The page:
The facility created by Congress to serve as a source of liquidity for credit unions experiencing unusual or unexpected liquidity shortfalls ended the third quarter with total assets of 1.243 billion, the federal credit union regulator reported Thursday, with $1.1 million in year-to-date net income and having paid a 2.24% dividend to member credit unions for the quarter.
The Central Liquidity Facility is a mixed-ownership government corporation operated by the National Credit Union Administration (NCUA). NCUA staff in Thursday’s open agency board meeting reported that the facility had a total of 3,991 members; report data show some 91% of those credit unions are agent members. That portion of CLF members, based on definitions in NCUA’s report, are members in the facility by virtue of their membership in corporate credit unions. (In that case, corporates purchase capital stock in the CLF on behalf of their member credit unions.)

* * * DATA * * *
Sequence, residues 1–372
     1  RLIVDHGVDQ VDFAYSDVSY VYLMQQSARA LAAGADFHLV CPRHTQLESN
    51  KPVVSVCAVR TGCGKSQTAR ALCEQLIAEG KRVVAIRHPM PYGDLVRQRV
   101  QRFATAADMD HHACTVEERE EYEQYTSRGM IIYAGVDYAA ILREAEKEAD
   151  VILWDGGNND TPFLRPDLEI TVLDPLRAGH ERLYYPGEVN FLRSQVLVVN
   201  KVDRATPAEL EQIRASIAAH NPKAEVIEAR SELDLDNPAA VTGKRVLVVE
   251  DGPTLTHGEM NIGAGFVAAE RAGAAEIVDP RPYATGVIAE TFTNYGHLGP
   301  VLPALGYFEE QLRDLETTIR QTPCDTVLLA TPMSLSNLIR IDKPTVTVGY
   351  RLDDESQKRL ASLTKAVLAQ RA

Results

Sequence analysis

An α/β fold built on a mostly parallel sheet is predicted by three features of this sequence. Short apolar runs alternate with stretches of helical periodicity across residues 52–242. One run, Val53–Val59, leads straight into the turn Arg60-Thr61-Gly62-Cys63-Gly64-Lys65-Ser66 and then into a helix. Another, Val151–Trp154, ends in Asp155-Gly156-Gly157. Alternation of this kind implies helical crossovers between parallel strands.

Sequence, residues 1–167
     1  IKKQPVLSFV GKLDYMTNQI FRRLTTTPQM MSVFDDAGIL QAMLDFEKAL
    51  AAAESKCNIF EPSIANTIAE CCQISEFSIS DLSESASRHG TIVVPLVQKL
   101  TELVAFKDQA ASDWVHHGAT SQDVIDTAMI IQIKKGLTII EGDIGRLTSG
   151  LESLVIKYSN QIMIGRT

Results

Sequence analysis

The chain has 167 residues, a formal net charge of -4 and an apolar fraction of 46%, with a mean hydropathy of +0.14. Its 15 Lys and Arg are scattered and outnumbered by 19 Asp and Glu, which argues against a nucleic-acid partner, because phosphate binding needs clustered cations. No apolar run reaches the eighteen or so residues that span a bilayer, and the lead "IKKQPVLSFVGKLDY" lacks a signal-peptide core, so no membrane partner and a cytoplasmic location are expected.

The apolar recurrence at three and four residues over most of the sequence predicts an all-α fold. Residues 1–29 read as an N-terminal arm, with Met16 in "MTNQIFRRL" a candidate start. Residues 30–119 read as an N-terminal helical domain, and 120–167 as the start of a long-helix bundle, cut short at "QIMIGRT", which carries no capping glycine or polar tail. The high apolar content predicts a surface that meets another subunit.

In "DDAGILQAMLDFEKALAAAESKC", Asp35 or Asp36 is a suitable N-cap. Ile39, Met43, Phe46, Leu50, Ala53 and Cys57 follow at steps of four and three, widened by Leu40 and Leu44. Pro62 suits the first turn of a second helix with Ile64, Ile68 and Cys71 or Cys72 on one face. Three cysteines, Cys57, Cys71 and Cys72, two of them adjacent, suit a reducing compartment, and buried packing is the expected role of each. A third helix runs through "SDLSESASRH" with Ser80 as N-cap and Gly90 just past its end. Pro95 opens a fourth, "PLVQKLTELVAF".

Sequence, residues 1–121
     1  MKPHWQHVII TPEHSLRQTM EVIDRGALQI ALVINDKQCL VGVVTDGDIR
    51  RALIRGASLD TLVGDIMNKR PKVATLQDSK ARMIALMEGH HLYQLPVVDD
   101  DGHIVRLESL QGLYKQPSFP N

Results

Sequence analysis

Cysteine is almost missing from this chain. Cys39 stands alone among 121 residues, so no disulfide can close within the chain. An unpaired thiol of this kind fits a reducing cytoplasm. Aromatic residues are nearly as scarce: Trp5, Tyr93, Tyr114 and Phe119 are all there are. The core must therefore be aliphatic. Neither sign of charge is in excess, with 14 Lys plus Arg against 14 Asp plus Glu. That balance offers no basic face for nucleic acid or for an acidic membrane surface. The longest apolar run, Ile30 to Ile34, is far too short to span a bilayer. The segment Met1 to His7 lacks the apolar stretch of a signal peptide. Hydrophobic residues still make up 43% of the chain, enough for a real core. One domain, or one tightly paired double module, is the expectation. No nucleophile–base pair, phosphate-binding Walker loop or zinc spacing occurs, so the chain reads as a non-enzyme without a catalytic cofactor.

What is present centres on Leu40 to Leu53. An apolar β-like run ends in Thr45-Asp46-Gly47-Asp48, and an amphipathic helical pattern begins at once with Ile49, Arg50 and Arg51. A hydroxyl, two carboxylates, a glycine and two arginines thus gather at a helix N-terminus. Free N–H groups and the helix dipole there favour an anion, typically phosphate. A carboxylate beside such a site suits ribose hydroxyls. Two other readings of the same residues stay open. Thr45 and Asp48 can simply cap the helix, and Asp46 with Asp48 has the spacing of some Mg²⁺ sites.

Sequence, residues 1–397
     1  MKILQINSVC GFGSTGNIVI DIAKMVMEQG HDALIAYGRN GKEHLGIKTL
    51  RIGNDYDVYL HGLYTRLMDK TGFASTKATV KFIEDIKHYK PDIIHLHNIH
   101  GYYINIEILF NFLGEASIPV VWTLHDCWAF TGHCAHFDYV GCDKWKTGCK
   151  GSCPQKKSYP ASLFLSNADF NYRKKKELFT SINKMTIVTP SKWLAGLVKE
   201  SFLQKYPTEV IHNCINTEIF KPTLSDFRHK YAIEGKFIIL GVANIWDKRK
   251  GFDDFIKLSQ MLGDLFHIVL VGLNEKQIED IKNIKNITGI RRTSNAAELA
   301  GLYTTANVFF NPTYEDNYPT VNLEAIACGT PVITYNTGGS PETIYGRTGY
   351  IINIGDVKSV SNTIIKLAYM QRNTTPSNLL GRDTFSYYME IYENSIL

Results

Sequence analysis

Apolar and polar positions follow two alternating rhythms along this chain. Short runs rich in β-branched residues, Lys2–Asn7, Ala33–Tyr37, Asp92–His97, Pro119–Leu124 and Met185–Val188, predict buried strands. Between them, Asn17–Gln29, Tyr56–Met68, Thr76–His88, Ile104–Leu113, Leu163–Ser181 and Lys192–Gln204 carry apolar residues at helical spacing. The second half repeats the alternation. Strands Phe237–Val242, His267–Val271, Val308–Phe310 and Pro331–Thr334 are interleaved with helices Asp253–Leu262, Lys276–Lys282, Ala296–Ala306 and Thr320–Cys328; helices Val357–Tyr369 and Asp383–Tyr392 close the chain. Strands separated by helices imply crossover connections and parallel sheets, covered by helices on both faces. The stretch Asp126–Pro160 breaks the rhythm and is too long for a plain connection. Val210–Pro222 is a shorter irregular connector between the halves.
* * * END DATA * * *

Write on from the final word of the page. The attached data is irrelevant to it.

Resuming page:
CLF membership for that latter group was made possible in 2020 through legislation addressing the COVID-19 pandemic.
“The CLF is a vital source of emergency liquidity within the credit union system,” NCUA Chairman Todd Harper said in a statement. “However, the pending expiration of the temporary CLF enhancements authorized by Congress at the start of the COVID-19 pandemic remains a very real concern.”
In other third-quarter data, staff reported that as of Sept. 30, the CLF had:
- $1.243 billion in total assets;
- $1.1 million in year-to-date net income;
- $40.5 million in retained earnings;
- $29.1 billion in borrowing authority.